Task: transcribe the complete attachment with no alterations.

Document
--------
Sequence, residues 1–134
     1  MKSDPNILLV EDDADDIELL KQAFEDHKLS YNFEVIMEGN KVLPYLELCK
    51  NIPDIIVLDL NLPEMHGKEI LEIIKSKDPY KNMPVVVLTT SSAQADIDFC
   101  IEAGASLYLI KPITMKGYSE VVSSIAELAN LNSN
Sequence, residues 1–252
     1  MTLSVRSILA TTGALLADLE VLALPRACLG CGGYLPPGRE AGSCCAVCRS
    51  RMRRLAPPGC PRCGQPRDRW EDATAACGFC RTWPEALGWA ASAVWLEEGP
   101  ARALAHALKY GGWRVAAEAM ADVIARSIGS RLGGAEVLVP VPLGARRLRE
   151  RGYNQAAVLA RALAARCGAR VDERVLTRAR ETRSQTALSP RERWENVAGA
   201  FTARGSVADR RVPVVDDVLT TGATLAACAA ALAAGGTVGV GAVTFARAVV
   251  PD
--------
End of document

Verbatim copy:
Sequence, residues 1–134
     1  MKSDPNILLV EDDADDIELL KQAFEDHKLS YNFEVIMEGN KVLPYLELCK
    51  NIPDIIVLDL NLPEMHGKEI LEIIKSKDPY KNMPVVVLTT SSAQADIDFC
   101  IEAGASLYLI KPITMKGYSE VVSSIAELAN LNSN
Sequence, residues 1–252
     1  MTLSVRSILA TTGALLADLE VLALPRACLG CGGYLPPGRE AGSCCAVCRS
    51  RMRRLAPPGC PRCGQPRDRW EDATAACGFC RTWPEALGWA ASAVWLEEGP
   101  ARALAHALKY GGWRVAAEAM ADVIARSIGS RLGGAEVLVP VPLGARRLRE
   151  RGYNQAAVLA RALAARCGAR VDERVLTRAR ETRSQTALSP RERWENVAGA
   201  FTARGSVADR RVPVVDDVLT TGATLAACAA ALAAGGTVGV GAVTFARAVV
   251  PD